A: Soy lecithin is a byproduct of soybean oil production that is used as an emulsifier in many processed foods. So, if you have cocoa with cocoa butter in a candy bar it will keep them together so they don't separate. Because it is used in such trace amounts in products and because it is derived from the oil, most people who are sensitive to soy are okay with soy lecithin. Of course, everyone is different so the fact that most people are okay with it doesn't mean that everyone is okay with it. Some people do react to soy lecithin--but in general it seems okay for people who soy is a secondary intolerance.
We were on a very strict gluten free, dairy free, soy free diet for years but we were actually always able to include soy lecithin without a problem. Digestive enzymes would certainly be helpful as any food that contains soy lecithin is probably a processed food with many components.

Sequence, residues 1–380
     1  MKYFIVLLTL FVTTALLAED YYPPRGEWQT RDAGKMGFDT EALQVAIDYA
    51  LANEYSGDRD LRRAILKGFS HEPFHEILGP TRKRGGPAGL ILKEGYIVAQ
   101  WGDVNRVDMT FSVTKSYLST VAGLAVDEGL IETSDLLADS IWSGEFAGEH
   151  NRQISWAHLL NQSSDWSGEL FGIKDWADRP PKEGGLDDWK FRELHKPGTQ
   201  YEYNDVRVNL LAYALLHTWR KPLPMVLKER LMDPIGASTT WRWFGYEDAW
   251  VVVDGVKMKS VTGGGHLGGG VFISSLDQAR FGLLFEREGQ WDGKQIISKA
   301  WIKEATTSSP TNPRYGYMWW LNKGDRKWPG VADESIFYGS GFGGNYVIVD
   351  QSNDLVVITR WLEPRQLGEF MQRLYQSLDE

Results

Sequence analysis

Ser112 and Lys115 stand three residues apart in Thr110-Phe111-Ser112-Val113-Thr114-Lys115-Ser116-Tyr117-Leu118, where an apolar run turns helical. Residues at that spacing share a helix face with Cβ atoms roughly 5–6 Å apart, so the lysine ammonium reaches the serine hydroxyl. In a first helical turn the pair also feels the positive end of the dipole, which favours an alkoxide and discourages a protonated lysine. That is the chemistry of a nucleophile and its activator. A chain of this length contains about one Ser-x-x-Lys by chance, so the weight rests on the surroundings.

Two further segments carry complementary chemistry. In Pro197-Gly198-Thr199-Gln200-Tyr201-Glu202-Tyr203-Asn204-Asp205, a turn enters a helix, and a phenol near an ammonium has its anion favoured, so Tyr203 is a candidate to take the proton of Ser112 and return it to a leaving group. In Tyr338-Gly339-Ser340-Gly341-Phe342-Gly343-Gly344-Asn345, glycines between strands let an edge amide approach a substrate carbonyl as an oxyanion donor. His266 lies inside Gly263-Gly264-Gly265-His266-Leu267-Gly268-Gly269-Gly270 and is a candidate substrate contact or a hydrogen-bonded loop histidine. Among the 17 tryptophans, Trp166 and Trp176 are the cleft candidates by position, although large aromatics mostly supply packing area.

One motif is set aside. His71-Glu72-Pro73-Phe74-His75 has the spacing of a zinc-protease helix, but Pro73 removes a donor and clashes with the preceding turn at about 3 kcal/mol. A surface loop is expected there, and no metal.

I want to emphasize that in general most soy found in processed food is to be avoided especially forms like "soy protein isolate" and soy milk. But, trace amounts of soy lecithin are okay. SOY LECITHIN IS THE ONE FORM OF SOY THAT SEEMS TO BE OKAY FOR MOST WHO ARE SENSITIVE TO GLUTEN, DAIRY and SOY.
I do recommend digestive enzymes with meals for children who are sensitive to these types of proteins, based on our amazing experience with Houston Enzymes Tri Enza, recommendations by top nutritionists and books like "Digestive Enzymes for Autism and Other Neurological Conditions" by Karen Defelice. In the book, they say that some children do better on a wider diet with enzymes than a more restricted diet without enzymes. Enzymes would help the body process soy lecithin but it would also help break down other components in the food so that more nutrients were extracted.